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I am looking for sources about formalized notion of programs. This seems to be closely related to Curry-Howard correspondence, but one could also track this back to Universal Turing Machines and its ability to read description and input of any TM.

When reading about Curry-Howard correspondece I feel that the primordiality of UTM-s can harm research on programs with the unique conclusion that any program can be reduced to symbols, states and rules. Does there exist the opposite approach, where high-level computation systems are defined and examined? What are good resources about it?

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    $\begingroup$ A good starting point would be Hoare Logic. $\endgroup$ – Dave Clarke Aug 9 '12 at 6:45
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    $\begingroup$ You forgot Lambek, if you included him in the list then you'd have all of category theory at your service. $\endgroup$ – Artem Kaznatcheev Aug 12 '12 at 2:43
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What you want exists, and is an enormous area of research: it's the entire theory of programming languages.

Loosely speaking, you can view computation in two ways. You can think of machines, or you can think of languages.

A machine is basically some kind of finite control augmented with some (possibly unbounded) memory. This is why introductory TOC classes go from finite automata to pushdown automata to Turing machines --- each class takes a finite control and adds some more memory to it. (Nowadays, the finite control is often limited even more, as in circuit models.) The essential thing is that the finite control is given up front, and all at once.

A language is a way of specifying a whole family of controls, in a compositional way. You have primitive forms for basic controls, and operators for building up larger controls from smaller ones. The primordial language, the lambda-calculus, in fact specifies nothing but control -- the only things you can define are function abstractions, applications, and variable references.

You can go back and forth between these two views: the $snm$-theorem is essentially a proof that Turing machines can implement function abstraction and application, and Church encodings demonstrate that the lambda-calculus can encode data. But there's nontrivial content in both of these theorems, and so you should not make the mistake of thinking that the two ways of understanding computation are the same.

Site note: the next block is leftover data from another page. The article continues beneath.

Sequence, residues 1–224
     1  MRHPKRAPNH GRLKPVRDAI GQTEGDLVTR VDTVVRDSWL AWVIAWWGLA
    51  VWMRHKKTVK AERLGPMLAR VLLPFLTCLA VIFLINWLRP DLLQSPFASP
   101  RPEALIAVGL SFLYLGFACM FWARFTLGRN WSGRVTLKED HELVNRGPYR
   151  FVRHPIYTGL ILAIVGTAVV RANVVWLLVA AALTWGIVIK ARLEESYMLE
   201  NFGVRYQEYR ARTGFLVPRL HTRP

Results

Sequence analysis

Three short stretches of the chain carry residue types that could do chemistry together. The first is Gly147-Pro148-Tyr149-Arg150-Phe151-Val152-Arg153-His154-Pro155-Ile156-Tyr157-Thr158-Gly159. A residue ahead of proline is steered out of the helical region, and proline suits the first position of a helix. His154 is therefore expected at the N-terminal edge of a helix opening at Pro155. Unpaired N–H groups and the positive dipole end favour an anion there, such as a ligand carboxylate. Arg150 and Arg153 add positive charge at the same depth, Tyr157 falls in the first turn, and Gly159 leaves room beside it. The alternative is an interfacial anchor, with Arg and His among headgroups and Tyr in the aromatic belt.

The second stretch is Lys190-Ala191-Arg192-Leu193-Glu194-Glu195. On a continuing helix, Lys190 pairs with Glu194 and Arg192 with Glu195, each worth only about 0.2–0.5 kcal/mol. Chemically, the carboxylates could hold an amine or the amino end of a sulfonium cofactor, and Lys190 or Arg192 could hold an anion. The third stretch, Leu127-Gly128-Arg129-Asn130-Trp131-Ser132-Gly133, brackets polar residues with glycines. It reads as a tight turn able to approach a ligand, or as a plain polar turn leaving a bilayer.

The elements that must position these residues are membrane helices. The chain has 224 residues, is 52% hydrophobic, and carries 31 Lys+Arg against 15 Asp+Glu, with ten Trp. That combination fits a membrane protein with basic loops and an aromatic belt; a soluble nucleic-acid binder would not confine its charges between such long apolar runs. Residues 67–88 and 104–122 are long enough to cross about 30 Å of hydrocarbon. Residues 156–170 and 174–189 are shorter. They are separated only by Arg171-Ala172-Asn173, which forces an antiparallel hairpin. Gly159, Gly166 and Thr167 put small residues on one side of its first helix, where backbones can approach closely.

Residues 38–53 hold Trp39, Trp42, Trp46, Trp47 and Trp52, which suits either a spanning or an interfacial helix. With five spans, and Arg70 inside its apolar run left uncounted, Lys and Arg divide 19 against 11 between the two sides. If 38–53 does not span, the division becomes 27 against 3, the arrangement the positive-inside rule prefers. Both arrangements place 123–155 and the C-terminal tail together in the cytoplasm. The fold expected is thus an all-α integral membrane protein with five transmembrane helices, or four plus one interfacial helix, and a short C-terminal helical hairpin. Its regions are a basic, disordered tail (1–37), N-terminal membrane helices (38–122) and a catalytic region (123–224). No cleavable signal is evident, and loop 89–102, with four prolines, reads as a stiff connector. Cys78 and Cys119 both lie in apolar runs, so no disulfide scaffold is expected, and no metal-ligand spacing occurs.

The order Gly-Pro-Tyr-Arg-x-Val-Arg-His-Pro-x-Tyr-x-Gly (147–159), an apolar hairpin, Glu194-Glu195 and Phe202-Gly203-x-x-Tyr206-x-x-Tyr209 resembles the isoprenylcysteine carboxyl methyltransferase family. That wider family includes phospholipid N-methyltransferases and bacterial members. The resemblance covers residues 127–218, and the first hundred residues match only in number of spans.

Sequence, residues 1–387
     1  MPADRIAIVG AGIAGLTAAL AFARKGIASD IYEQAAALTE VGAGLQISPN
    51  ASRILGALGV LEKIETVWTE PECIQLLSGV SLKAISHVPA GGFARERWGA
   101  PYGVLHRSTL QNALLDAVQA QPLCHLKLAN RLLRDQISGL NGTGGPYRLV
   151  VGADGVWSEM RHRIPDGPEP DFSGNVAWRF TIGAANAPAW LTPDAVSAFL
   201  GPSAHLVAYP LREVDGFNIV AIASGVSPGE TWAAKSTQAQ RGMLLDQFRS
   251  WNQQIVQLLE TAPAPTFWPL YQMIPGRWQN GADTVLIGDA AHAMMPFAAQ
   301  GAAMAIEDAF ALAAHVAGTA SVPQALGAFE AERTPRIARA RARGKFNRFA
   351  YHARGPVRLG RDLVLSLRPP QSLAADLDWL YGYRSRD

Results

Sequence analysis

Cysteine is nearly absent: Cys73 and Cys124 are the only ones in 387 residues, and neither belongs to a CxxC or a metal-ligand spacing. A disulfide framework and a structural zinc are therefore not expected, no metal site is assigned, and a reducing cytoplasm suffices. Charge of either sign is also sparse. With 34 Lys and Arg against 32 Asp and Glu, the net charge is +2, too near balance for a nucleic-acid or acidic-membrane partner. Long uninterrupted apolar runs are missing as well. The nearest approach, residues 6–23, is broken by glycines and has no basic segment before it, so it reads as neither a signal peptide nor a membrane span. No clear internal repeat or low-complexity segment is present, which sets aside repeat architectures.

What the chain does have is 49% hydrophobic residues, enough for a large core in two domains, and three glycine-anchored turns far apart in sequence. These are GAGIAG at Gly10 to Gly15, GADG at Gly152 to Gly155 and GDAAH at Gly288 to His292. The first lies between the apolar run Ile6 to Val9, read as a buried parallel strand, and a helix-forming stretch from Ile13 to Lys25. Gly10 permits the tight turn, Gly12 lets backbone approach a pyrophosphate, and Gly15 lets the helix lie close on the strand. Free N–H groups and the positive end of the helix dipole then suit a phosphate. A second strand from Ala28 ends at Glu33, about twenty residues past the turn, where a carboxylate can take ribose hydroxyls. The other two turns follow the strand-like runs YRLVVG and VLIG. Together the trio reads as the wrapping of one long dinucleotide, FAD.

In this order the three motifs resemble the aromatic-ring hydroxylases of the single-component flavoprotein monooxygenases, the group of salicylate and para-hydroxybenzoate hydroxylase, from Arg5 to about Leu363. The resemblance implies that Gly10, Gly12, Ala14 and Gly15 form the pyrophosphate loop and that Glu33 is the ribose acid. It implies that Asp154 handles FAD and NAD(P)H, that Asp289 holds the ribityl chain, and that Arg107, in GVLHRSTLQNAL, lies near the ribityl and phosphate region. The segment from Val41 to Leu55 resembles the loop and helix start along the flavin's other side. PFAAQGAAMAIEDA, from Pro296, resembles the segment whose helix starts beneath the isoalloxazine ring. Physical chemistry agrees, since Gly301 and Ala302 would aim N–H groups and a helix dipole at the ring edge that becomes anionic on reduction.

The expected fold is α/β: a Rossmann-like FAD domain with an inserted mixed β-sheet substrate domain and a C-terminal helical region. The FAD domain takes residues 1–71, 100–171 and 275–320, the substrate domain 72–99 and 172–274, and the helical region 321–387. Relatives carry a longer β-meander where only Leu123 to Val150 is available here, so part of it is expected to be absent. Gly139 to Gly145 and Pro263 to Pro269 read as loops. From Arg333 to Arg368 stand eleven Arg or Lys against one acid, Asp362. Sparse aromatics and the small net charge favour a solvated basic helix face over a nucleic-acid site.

Researchers in complexity and algorithms typically take machines as fundamental, because they are interested in costs and in feasibility results. To exaggerate a bit, the basic research question they have is:

What is the least powerful machine that can solve a certain kind of problem?

Language researchers take languages as fundamental, because we are interested in expressiveness and impossibility results. With a similar exaggeration, our basic research question is:

What is the most expressive language that rules out a certain kind of bad behavior?

As an aside, note how the two goods each kind of theoretician values are directly in conflict! Good work in algorithms and complexity lets you solve a harder problem, using less resources. Good work in languages lets programmers do more things, while forbidding more bad behaviors. (This conflict is basically why research is hard.)

Now, you might ask why more Theory A types don't use languages, or why more Theory B researchers don't use machines. The reason arises from the shape of the basic research question.

Note that the stylized basic research question in algorithms/complexity is a lower bound question -- you want to know that you have the best solution, and that there is no possible way to do better, no matter how clever you are. A language definition fixes the means of program composition, and so if you prove that a lower bound with a language model, then you might be left with the question of whether it might not somehow be possible to do better if you extended your language with some new feature. A machine model gives you the whole control in one go, and so you know everything the machine can possibly do right from the outset.

But machine specifications are exactly the wrong thing for saying interesting things about blocking bad behavior. A machine gives you a whole control up-front, but knowing that one particular program is okay or bad doesn't help you when you want to extend it or use it as a subroutine -- as Perlis's epigram states, "Every program is a part of some other program and rarely fits." Since language researchers are interested in saying things about whole classes of programs, languages are much better suited for purpose.

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    $\begingroup$ This is similar to my view that algorithms folks are really doing applied complexity theory, not programming :). Excellent answer. Also, in practice complexity folks can't prove lower bounds for generic machines, and end up restricting to a weaker expressive model (i.e a kind of language) $\endgroup$ – Suresh Venkat Aug 9 '12 at 13:07
  • $\begingroup$ Very helpful answer. I noticed that it is possible to define control alone (lambda calculus). Next, smn theorem gives lambda calculus implicit capability of encoding data. It also gives high level control (function abstraction & application) to Turing machines – which as I assume can explicitly encode data and basic control (apparently this is stated in the third paragraph about machines). $\endgroup$ – AllCoder Aug 9 '12 at 19:40

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